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Nowadays we might call it abuse, but back in the mid 70’s I didn’t question it. I was told to drink tea by my teacher Ken Parkinson (Fellow of the Gemmological Association) so I did.
Ken was already in his 70’s when I went to him to learn about gemmology. He was always smartly dressed in a brown tweed suit (including waistcoat) and was mercurial in the way he moved around his office.
Ken usually rang me up before a lesson to get me to bring him some Erinmore tobacco and moustache wax. I suspect Ken must have been a regular at the corner store as they sold both those things.
Our lessons would start with tea. As a coffee drinker that was abhorrent, but Ken insisted as I was British, I had to drink tea. The tea arrived on a tray, with matching tea pot, china cups and saucers, milk jug and sugar bowl. I had to drink it with lots of sugar at first to get it down, but that’s no longer the case.
During the tea pouring ceremony (because it was a ceremony with Ken) he also started to fill his pipe with the tobacco I had brought. Padding it down, sucking on the pipe, and taking great care with this ritual. The fact his handlebar moustache was ginger in the middle and white on the ends reflected the years of pipe smoking.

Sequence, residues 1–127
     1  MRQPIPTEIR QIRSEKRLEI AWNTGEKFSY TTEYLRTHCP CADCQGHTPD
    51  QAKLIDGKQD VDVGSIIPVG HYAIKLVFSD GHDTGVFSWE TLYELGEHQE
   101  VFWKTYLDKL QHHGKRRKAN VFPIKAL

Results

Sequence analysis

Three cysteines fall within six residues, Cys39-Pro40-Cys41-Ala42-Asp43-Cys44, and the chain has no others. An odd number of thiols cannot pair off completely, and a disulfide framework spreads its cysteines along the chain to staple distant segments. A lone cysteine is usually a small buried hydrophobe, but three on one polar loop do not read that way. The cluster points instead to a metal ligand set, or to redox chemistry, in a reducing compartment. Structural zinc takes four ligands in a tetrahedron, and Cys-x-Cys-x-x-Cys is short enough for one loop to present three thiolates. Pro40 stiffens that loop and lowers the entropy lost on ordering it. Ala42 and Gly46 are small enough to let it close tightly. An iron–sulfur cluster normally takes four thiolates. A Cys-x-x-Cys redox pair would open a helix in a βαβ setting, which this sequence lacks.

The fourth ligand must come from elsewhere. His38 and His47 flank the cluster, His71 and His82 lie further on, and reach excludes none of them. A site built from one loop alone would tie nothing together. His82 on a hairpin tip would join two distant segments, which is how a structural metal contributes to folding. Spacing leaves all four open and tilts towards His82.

I loved those lessons, surrounded by cases of gemstones, sourced from around the world by Ken. Learning to open gemstone packages and Ken’s rather un- PC mnemonics for Mohs scale of hardness, getting to grips with spectroscopes and refractometers, filters, microscopes and the names and beautiful shapes in which gems grow. It was fascinating. My love of tea began then too.
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